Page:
Therefore, in order to properly follow the tutorials, a recent compiler is needed.

What does above sentence mean? Are in order to and properly same?

  • It means that reading is not enough: learners must be provided with hands-on experience. – Dan Bron Oct 16 '14 at 8:18
  • @DanBron thanx for info – ceyun Oct 16 '14 at 10:25
  • Could you post the preceding sentence? – Jason S Nov 5 '14 at 4:05

It means an older compiler is not acceptable, and you may not have success finishing the tutorials without a recent compiler.

The implied goal here is follow the tutorials, and to do it properly (meaning correctly.). The phrase in order to is a condition: In order to cut a piece of meat, you need a knife; in order to mail a letter, you need an envelope and a stamp; in order to be comfortable in cold weather, you need a coat.

Incidentally, the phrase to properly follow is an example of a split infinitive, like the classic "To boldly go where no man has gone before". When you use "to X" where X is a verb, this is an infinitive, and adverbs are not technically supposed to go in between the word "to" and the verb it goes with. If you're writing a newspaper article or a scholarly book or an English class essay, it's incorrect, but in casual conversation it doesn't really matter and most people won't even notice.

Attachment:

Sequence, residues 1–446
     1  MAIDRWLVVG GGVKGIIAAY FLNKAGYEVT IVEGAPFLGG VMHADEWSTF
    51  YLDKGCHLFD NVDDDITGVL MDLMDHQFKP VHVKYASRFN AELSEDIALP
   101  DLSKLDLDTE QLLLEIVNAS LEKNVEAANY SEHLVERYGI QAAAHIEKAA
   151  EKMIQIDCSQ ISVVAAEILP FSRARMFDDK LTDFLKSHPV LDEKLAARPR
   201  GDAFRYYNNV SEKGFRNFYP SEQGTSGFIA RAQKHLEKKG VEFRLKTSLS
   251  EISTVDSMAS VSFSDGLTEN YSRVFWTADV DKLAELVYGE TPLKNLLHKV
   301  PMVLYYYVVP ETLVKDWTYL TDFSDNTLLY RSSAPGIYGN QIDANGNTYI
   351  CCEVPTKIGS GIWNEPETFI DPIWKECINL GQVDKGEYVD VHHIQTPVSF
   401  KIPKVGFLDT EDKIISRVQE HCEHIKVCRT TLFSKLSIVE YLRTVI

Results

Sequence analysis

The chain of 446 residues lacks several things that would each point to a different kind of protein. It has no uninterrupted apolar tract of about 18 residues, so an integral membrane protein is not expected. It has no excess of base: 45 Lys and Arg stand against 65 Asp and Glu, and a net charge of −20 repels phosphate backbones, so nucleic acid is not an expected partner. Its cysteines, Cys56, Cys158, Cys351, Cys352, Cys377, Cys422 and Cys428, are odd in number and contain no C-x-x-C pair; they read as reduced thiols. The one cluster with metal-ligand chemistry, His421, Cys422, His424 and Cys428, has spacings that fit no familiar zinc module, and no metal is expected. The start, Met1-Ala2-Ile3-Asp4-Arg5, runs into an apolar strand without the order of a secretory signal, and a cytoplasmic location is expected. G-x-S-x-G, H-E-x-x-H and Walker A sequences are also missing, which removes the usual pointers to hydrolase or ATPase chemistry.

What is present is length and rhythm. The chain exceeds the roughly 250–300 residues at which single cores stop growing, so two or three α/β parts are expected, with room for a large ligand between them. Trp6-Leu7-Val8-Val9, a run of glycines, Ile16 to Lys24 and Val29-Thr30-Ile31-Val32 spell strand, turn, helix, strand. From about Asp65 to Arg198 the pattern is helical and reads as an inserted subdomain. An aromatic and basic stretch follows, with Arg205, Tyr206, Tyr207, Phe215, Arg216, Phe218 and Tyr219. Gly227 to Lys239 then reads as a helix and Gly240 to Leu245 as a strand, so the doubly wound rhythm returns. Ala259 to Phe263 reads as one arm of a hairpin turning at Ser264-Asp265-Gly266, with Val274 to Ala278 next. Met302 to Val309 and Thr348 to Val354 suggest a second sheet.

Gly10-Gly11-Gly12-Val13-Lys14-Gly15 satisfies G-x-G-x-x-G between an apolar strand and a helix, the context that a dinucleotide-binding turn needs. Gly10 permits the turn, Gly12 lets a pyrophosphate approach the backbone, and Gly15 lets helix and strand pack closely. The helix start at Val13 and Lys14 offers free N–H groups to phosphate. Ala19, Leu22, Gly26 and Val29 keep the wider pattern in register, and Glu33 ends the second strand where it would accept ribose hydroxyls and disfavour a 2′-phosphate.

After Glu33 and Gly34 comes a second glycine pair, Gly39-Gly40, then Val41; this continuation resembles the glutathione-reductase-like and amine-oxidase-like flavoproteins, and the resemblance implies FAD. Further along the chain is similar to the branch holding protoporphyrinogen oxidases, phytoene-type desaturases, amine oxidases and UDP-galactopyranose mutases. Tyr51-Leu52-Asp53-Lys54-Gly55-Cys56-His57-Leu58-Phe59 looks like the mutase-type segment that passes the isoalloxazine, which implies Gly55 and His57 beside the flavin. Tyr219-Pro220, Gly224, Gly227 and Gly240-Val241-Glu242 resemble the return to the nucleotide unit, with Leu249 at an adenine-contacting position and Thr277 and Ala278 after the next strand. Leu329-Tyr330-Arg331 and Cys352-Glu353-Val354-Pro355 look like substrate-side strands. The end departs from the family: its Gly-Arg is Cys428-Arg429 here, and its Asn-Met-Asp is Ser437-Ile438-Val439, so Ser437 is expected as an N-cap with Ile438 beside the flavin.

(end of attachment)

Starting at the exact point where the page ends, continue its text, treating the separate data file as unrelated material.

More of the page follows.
The sentence means that a new compiler is required for the tutorials, likely because an older one won't have the correct features.

But no, "in order to" and "properly" are not the same.

In essence, "in order to" here could be phrased as "if you want to." Similarly, "properly" could be rephrased as "accurately" (kind of, at least).

Therefore, if you want to correctly follow the tutorials, a recent compiler is needed.

"Properly" isn't super important here, and it's used mostly to emphasize the point. "In order to" could probably be comfortably reduced down to "to," but I would be more hesitant making that change.

Therefore, to follow the tutorials, a recent compiler is needed.

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